This article suggests that the National E-Health Transition Authority (NEHTA) has lost its rationale and reason for being, if, indeed, it ever had it. I accept that this is a fairly large call, so how do I justify it?
The premise on which NEHTA is based is that the provision of relevant, timely and accurate information needed by those who deliver and manage patient care will improve patient safety and reduce clinical accidents, thereby allowing us all to live happier, longer and more productive lives.
NEHTA is the offspring of a Boston Consulting Group Report which was delivered to the Australian Health Information Council (AHIC) and Health Ministers in April 2004. This report recommended, among other things, that an entity (that subsequently became NEHTA) be established and that its focus be on development of e-health connectivity and standards at a National level. It also recommended work to advance Electronic Health Records and Clinical Information Systems but this suggestion was not followed up if the funding allocations from COAG are to be believed (see below).
Later in 2004 NEHTA was established with Dr Ian Reinecke as its CEO. As at June 2006 the organisation has more than thirty staff scattered across offices in a number of States befitting its role as a cross-jurisdictional entity. A little under twelve months ago NEHTA was incorporated as NEHTA Ltd with its board being made up of each of the jurisdictional Health Department CEOs and some Commonwealth representation.
About three months ago the Council of Australian Governments (COAG) provided NEHTA with $131 Million in funding over three years for initiatives in the areas of clinical terminology and patient and provider identification. The timetable for these initiatives to be operational extends to 2009. In the meantime, in terms of meeting the implicit goals of the premise identified above not much seems to be happening, and indeed it could be claimed, with some justification, that a wet blanket of indecision and uncertainty has been cast over the Australian e-Health Space. The fact that NEHTA says it is determining the National Standards to be used in e-Health in Australia, but has yet to decide what they should be, is not helpful to most participants in the sector.
This has been made worse by the approach NEHTA has adopted to its communications with stakeholders. These stakeholders include medical practitioners, pharmacists, nurses, patients, the medical software industry, health system managers and others. It would be fair to say that outside the e-health cogniscenti NEHTA is virtually unknown and that the public in general are totally unaware of its existence. Worse still, is that despite being publicly funded and having accumulated a great deal of valuable intellectual capital over the last two years, essentially none of this material has been shared with the specialists working in the e-health space or the community in general.
Parties impacted by this authoritarian vacuum have essentially responded by moving forward as best they can, not asking permission but recognising at some point they may have to seek forgiveness. Consequently, we have seen emerging the use of an increasing variety of clinical communication systems and tools from multiple providers, be they pathology or radiology service providers or local hospitals, wanting to communicate with local GPs. Each has tried to service the needs of their customers within the known Standards.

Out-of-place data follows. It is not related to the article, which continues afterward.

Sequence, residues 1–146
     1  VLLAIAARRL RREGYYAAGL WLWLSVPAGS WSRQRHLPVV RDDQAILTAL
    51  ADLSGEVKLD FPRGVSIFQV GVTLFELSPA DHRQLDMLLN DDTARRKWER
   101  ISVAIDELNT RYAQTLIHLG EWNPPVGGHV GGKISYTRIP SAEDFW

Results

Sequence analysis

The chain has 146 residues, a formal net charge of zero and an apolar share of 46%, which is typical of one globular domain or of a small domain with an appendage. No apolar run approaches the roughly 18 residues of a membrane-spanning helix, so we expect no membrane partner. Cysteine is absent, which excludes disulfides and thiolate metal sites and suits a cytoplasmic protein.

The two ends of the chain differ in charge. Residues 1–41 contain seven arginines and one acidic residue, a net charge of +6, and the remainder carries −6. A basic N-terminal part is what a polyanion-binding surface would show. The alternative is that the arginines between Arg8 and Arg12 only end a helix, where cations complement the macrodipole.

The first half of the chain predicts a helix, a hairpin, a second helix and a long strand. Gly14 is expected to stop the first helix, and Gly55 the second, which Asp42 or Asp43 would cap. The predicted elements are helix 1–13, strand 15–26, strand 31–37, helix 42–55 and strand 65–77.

Further we see a patchwork of potentially non-harmonised hospital systems being purchased and implemented by the different States as well as a progressively fragmented market in the private hospital sector.
It seems that over the last few decades there has been a significant trend towards acceptance of the idea that it is managers and experts, rather than clinicians, who know what is best in the running of hospitals and the delivery of patient care. The consequences of this ‘managerialist’ approach has been amply demonstrated in the outcomes seen recently in Queensland Health, where ultimately a Health Minister had to apologise to a physician who was wrongly disciplined by departmental bureaucrats.
NEHTA appears to have only one practicing clinician among its publicly acknowledged 30+ staff and no clinicians on its Board. This is a recipe leading to a profound clinical ‘disconnect’ and loss of a proper appreciation of NEHTA’s raison d’etre.
What is needed, is for NEHTA to get back to servicing its stakeholders – the clinicians and their patients. To achieve this it needs to continue with the work already initiated and at the same time start developing and making public a road-map; one that is focussed on meeting the objective of getting systems that make a difference into the hands of clinicians as soon as possible. What is needed by clinicians is well known. Indeed, a full description has been publicly available in detailed reports for over a decade!
If this is not done very soon we will find ourselves with a health system that is not properly wired, that will be more unsafe than it should be, and which will be inefficient and unnecessarily costly. The six year HealthConnect experiment was finally put out of its misery in the 2006 Budget papers (disappearing without trace!). The NEHTA experiment has now been running for two years and as best anyone can tell not a single patient has benefited from its work. It is time NEHTA explained to the public and to the caring professions how NEHTA is going to address the information needs of the Health System and when we can expect to see some substantive change. Lives are being lost as NEHTA cogitates in secret.David.